In accordance with another embodiment of the present invention, a method of manufacturing a thermoelectric module includes mounting a thermoelectric material to a temporary substrate and segmenting the thermoelectric material into blocks. Alternating blocks of the thermoelectric material are removed, leaving a pattern of the thermoelectric material on the substrate. In a particular embodiment, alternating blocks of the thermoelectric material are removed by removing a removable pattern from the temporary substrate. The temporary substrate may include a pattern of raised blocks, and the removable pattern may include a plate with a pattern of holes cut from it. The pattern of holes on the removable pattern corresponds to the pattern of raised blocks on the temporary substrate

In accordance with another embodiment of the present invention, a temporary substrate includes a plurality of thermoelectric elements and a removable pattern coupled to the temporary substrate. Every other thermoelectric element of the plurality of thermoelectric elements is disposed over the removable pattern and removing the removable pattern also removes the thermoelectric elements disposed over the removable pattern. The thermoelectric elements which were not disposed over the removable pattern remain coupled to the temporary substrate.

Technical advantages of certain embodiments of the present invention include using the array of thermoelectric elements produced from segmenting a thermoelectric wafer to manufacture a thermoelectric module having relatively small thermoelectric elements. Thus, the use of hand or vibe loading techniques is reduced or eliminated.

Other technical advantages of certain embodiments of the present invention include the ability to manufacture thermoelectric modules containing smaller thermoelectric elements than can be easily and/or accurately manipulated by hand. Complicated element vibe load, hand load and pick and place operations are reduced or eliminated during the thermoelectric module construction. The method takes advantage of the element orientation present after wafer segmenting by using special temporary substrates to hold element orientation for the module assembly steps. The temporary substrates may be disposable or reusable. Disposable substrates may be processed using special removable masking techniques while reusable substrates may take advantage of special interlocking techniques.

Other technical advantages of the present invention will be readily apparent to one skilled in the art from the following figures, descriptions, and claims. Moreover, while specific advantages have been enumerated above, various embodiments may include all, some, or none of the enumerated advantages.

BRIEF DESCRIPTION OF THE DRAWINGS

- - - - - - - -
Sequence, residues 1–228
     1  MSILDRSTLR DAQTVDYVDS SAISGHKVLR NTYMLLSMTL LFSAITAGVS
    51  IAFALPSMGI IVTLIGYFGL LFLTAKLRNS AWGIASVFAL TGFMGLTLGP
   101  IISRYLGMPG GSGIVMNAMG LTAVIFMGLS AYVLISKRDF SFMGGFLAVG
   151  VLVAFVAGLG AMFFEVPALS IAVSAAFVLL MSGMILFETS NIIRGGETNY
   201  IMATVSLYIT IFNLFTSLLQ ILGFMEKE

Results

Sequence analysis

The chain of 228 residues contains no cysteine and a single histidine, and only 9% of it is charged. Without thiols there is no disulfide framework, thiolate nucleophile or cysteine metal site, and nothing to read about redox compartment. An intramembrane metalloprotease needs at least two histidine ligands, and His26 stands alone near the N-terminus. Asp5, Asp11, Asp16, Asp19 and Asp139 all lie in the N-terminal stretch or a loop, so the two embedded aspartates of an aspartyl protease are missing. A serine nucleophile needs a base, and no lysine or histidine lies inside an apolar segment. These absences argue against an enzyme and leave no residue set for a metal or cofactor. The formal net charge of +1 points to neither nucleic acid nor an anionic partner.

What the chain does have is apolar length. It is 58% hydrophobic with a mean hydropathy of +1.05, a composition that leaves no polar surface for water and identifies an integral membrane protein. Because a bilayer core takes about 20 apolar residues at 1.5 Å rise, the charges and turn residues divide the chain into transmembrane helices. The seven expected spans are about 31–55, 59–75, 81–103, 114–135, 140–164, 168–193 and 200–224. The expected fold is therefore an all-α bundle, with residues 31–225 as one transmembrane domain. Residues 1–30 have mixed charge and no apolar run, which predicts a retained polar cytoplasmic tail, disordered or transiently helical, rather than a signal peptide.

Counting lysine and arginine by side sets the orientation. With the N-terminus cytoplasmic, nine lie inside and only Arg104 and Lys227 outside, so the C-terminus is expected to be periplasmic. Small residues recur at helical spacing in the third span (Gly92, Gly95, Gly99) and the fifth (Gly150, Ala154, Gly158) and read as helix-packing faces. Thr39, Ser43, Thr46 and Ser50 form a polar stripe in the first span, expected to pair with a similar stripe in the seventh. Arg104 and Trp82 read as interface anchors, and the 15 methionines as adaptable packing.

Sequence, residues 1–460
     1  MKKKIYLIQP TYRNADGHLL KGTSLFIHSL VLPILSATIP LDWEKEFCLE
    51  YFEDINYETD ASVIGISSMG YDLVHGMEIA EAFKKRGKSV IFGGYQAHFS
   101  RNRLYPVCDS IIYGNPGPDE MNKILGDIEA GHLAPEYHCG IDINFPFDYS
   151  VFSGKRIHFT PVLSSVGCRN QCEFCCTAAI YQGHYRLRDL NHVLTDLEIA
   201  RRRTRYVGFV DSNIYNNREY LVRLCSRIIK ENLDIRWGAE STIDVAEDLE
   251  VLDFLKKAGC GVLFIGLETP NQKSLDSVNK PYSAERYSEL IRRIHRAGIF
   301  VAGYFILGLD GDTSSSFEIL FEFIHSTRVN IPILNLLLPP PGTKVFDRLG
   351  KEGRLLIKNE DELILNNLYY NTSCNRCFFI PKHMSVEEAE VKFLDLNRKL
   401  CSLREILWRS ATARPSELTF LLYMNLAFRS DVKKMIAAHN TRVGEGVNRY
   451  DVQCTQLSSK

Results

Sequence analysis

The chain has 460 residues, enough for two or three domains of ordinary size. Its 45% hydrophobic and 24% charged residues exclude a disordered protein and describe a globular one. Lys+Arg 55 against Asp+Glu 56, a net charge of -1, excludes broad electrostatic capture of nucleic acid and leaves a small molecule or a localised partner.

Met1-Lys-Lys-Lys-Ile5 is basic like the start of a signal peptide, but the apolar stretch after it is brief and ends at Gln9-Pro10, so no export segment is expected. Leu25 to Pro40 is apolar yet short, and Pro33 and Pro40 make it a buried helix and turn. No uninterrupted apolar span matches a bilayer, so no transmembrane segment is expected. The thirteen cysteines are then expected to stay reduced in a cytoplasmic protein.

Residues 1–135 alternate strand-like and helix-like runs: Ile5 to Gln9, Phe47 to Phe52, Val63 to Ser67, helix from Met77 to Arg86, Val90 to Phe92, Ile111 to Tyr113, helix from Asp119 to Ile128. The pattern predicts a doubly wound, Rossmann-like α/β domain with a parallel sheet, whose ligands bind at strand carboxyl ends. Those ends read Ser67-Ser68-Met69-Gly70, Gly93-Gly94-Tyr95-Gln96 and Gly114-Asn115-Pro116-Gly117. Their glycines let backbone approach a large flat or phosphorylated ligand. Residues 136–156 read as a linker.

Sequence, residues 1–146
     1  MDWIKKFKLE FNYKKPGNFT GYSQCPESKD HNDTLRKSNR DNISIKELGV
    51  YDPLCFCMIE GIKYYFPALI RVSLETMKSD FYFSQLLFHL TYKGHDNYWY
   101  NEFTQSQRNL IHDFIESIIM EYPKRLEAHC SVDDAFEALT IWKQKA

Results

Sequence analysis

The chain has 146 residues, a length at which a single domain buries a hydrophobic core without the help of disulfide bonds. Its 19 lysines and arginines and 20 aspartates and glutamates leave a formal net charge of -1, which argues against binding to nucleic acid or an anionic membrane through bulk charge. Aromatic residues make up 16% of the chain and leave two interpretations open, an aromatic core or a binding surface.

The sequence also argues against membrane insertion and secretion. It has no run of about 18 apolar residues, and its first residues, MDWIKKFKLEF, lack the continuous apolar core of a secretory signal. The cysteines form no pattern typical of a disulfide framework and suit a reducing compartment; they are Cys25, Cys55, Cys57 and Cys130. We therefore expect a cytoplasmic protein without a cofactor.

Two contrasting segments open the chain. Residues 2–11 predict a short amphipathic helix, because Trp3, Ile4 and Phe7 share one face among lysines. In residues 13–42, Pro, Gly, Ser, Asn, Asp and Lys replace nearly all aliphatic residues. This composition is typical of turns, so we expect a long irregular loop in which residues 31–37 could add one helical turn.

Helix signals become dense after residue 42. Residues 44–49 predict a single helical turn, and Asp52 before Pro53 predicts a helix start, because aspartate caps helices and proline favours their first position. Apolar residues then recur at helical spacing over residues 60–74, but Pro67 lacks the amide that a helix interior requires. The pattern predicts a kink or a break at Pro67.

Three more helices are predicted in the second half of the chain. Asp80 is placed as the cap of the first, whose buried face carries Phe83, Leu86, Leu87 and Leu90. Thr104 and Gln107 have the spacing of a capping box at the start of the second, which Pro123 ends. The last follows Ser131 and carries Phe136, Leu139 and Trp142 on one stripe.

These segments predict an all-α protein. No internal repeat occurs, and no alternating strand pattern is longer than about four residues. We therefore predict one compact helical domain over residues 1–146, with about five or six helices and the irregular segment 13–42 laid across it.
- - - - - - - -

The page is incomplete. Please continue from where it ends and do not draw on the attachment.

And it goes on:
For a more complete understanding of the present invention and its advantages, reference is now made to the following description, taken in conjunction with the accompanying drawings, in which:

FIG. 1 is a schematic drawing showing an isometric view of a thermoelectric device having multiple thermoelectric elements;

FIG. 2 is an electrical schematic drawing of one thermocouple of the thermoelectric device of FIG. 1;

FIGS. 3A-3K illustrate a method of manufacturing thermoelectric devices having multiple thermoelectric elements;

FIG. 4 illustrates an alternative embodiment of a method of manufacturing thermoelectric devices having multiple thermoelectric elements;

FIGS. 5A-5M illustrate a further alternative embodiment of a method of manufacturing thermoelectric devices having multiple thermoelectric elements; and

FIG. 6 illustrates a further alternative embodiment of a method of manufacturing thermoelectric devices having multiple thermoelectric elements.

DETAILED DESCRIPTION OF THE INVENTION

Traditional thermoelectric devices are built with arrays of P-type and N-type semiconductor material coupled electrically in series and thermally in parallel. A typical method of constructing such a device is to separately segment wafers of P and N type material into elements of the preferred geometric sizes. The individual elements are then dismounted from the mounting plates and rearranged by hand, vibe loading techniques, or robotic placement into the desired pattern of P-type and N-type elements. In this method of assembly, the array created by the segmenting process is not used to any advantage. The present invention provides a system and method of utilizing the arrays created during segmentation to more efficiently manufacture thermoelectric devices.

The subject of the present invention relates to constructing thermoelectric modules without handling individual elements. The method reduces or eliminates the need for hand loading, vide loading, or pick and placing individual elements via robot or automated placing techniques. Complicated element vibe load, hand load and pick and place operations are reduced or eliminated during the thermoelectric module construction. The method takes advantage of the element orientation present after wafer segmenting by using special temporary substrates to hold element orientation for the module assembly steps. The temporary substrates may be disposable or reusable. Disposable substrates may be processed using special removable masking techniques while reusable substrates may take advantage of special interlocking techniques.